IRS Audits

Her Majesty, the Snoop

Getting audited by the IRS is rarely anyone's spot of tea — unless, of course, you're the auditor. But at least our IRS "plays fair" and uses your actual return to decide whether to audit you. Not so for the folks at Her Majesty's Revenue and Customs Service across the pond!

Here in the former colonies, the IRS uses statistical analysis to find most of their audit targets. Every return gets a super-secret score called a Discriminant Information Function, or "DIF." The higher your DIF, the more potential the IRS sees for bringing in additional taxes in an audit. So, with limited resources available for auditing returns, the IRS naturally strives to audit the higher-scoring returns first. (It's like why Willie Sutton robbed banks — because that's where the money was!) Generally, small businesses organized as sole proprietorships face the greatest chance of audit — as high as 4% or more — because they have the greatest opportunity to under-report income and overstate deductions.

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If you don't take care of your taxes, you risk some pretty expensive fines and penalties. Some of those amounts are fixed, like $89 per partner per month for failing to file your partnership return. Others are based on the actual tax due, like the 10% penalty for failing to file employment taxes. If the IRS has to come after you, they can slap liens on your home or other property. They can impose levies to pluck back taxes from your paycheck, your bank account, or your retirement plan. They can even seize your assets and auction them to collect their pound of flesh.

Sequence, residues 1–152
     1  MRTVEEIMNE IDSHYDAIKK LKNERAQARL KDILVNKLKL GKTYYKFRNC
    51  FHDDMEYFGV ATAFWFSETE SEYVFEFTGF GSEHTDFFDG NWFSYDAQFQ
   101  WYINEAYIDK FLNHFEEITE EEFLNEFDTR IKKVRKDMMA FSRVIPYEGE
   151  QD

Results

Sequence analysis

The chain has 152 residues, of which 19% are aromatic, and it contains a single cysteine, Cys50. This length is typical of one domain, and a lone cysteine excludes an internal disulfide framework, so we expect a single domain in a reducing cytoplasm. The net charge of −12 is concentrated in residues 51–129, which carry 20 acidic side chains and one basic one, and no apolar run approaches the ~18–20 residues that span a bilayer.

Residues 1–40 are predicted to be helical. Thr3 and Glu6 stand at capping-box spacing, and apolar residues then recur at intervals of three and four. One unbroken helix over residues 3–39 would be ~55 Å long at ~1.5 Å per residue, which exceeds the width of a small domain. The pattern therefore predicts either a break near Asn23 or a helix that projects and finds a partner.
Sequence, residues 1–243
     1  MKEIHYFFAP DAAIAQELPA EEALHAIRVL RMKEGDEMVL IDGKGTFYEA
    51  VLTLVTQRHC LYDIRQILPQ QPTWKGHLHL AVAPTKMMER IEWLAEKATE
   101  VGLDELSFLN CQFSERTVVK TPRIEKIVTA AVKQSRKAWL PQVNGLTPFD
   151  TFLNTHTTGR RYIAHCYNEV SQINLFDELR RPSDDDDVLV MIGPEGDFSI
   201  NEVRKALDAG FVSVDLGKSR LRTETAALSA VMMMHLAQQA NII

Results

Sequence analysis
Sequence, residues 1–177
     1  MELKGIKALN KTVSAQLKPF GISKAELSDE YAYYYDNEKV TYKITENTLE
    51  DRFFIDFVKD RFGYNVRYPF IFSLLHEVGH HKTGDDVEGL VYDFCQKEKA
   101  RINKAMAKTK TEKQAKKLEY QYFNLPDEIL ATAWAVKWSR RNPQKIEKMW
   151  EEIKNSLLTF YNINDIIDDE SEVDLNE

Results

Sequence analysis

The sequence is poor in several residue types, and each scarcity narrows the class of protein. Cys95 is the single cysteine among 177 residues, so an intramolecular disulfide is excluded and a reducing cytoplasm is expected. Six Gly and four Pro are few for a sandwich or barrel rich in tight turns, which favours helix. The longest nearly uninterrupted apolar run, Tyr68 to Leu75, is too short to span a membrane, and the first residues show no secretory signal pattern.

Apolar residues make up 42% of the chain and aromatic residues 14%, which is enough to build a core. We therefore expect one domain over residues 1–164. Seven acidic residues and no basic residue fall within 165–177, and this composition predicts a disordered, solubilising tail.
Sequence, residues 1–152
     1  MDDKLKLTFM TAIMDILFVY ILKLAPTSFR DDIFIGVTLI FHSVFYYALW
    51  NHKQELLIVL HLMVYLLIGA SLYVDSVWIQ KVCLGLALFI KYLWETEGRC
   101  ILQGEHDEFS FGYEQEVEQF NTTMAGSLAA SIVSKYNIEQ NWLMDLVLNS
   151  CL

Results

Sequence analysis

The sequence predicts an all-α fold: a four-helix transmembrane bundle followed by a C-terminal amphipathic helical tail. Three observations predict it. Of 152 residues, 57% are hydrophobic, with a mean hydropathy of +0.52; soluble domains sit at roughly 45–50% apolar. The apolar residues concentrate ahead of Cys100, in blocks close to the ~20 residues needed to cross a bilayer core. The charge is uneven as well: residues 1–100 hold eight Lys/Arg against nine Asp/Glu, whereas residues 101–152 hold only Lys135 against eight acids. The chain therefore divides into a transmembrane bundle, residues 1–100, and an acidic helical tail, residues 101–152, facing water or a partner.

Having said all that, would it surprise you to learn that there's someone with a "Get Out of Jail Free" card for not paying his taxes? Would it surprise you even more to learn that it's Uncle Sam himself?

The Treasury Inspector General for Tax Administration ("TIGTA") is an independent board that oversees the IRS. Their job is to audit, investigate, and inspect the tax system itself, as well as to prevent and detect fraud, waste, and abuse within the IRS and related entities. Last month, the TIGTA issued a report with a bland and vague title: A Concerted Effort Should Be Taken to Improve Federal Government Agency Tax Compliance. But that deceptively bureaucratic name masks a pretty outrageous conclusion: